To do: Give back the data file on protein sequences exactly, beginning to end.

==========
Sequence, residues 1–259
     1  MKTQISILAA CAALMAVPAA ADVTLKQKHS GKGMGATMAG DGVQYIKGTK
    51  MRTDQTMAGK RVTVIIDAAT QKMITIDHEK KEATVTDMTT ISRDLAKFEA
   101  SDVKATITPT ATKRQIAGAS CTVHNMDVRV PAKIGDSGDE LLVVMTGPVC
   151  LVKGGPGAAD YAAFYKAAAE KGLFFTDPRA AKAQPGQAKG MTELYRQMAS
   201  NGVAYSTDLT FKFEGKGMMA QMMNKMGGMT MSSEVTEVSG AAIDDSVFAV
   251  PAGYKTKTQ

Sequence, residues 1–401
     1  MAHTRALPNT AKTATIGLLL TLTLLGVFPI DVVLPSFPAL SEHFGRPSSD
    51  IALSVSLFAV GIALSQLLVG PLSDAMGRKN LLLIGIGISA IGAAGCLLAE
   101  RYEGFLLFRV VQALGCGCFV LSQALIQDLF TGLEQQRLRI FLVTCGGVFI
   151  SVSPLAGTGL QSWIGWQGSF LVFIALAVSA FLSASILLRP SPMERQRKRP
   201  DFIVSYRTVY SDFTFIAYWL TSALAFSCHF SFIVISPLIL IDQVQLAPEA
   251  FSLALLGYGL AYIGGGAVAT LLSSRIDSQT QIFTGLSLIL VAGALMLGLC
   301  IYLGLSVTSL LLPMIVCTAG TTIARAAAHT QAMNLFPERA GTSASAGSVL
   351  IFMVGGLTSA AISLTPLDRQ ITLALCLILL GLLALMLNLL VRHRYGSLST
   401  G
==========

Sequence, residues 1–259
     1  MKTQISILAA CAALMAVPAA ADVTLKQKHS GKGMGATMAG DGVQYIKGTK
    51  MRTDQTMAGK RVTVIIDAAT QKMITIDHEK KEATVTDMTT ISRDLAKFEA
   101  SDVKATITPT ATKRQIAGAS CTVHNMDVRV PAKIGDSGDE LLVVMTGPVC
   151  LVKGGPGAAD YAAFYKAAAE KGLFFTDPRA AKAQPGQAKG MTELYRQMAS
   201  NGVAYSTDLT FKFEGKGMMA QMMNKMGGMT MSSEVTEVSG AAIDDSVFAV
   251  PAGYKTKTQ

Sequence, residues 1–401
     1  MAHTRALPNT AKTATIGLLL TLTLLGVFPI DVVLPSFPAL SEHFGRPSSD
    51  IALSVSLFAV GIALSQLLVG PLSDAMGRKN LLLIGIGISA IGAAGCLLAE
   101  RYEGFLLFRV VQALGCGCFV LSQALIQDLF TGLEQQRLRI FLVTCGGVFI
   151  SVSPLAGTGL QSWIGWQGSF LVFIALAVSA FLSASILLRP SPMERQRKRP
   201  DFIVSYRTVY SDFTFIAYWL TSALAFSCHF SFIVISPLIL IDQVQLAPEA
   251  FSLALLGYGL AYIGGGAVAT LLSSRIDSQT QIFTGLSLIL VAGALMLGLC
   301  IYLGLSVTSL LLPMIVCTAG TTIARAAAHT QAMNLFPERA GTSASAGSVL
   351  IFMVGGLTSA AISLTPLDRQ ITLALCLILL GLLALMLNLL VRHRYGSLST
   401  G